Date of Award
Engineering and Applied Science - Civil & Environmental
Civil and Environmental Engineering
This study has two main objectives. First, the impact of various factors on highway fatality rates in the United States (US), Southern States, Gulf Mexico States, and Louisiana are examined. Second, two models are developed to predict fatality rates in the stated regions: highway fatality rate per 1000 drivers and highway fatality rate per 100 million vehicle miles traveled (VMT). Data from 2004-2021 obtained from the Bureau of Transportation Statistics are analyzed using Stepwise Multiple Regression method. The results of this study reveal that road conditions and driving alone are the primary predictors strongly associated with fatality rates. The impact of other factors, such as commute modes, highway expenditure, and transportation employees, is also observed to varying degrees. The predictive models are validated using the Shapiro-Wilk test and normal distribution plots to ensure accuracy. This study's findings will aid decision-makers in allocating resources and improving highway safety in the US.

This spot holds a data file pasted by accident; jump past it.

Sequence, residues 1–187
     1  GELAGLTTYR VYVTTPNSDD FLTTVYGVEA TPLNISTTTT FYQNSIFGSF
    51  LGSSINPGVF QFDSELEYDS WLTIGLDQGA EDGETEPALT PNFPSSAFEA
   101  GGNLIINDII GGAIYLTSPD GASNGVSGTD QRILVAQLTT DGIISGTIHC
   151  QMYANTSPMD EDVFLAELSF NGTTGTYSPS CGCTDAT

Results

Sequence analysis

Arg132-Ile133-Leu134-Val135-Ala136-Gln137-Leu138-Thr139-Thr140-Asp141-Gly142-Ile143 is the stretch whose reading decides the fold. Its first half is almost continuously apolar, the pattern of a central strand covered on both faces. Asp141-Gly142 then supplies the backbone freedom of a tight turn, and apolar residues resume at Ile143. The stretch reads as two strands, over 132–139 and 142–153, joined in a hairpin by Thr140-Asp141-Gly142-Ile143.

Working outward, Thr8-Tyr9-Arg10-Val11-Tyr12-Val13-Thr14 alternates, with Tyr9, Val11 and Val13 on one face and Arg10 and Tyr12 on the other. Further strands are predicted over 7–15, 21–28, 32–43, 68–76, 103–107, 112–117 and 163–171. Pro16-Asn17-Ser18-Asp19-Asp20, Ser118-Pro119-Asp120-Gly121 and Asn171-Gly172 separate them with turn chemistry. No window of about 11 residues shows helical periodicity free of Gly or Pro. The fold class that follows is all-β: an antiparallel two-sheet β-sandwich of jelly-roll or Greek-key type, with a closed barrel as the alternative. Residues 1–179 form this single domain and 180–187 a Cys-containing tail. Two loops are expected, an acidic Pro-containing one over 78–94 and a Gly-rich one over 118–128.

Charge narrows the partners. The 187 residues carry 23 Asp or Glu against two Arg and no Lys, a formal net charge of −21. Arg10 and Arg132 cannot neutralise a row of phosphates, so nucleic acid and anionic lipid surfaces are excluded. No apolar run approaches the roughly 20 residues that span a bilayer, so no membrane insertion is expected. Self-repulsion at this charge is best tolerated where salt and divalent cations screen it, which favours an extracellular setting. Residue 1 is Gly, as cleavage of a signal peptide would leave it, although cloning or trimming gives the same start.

Alswaeer, Tharwat K., "Development of Models to Predict Highway Fatality Rates: Insight from United States, Southern States, Gulf Mexico States, and Louisiana" (2023). University of New Orleans Theses and Dissertations. 3108.
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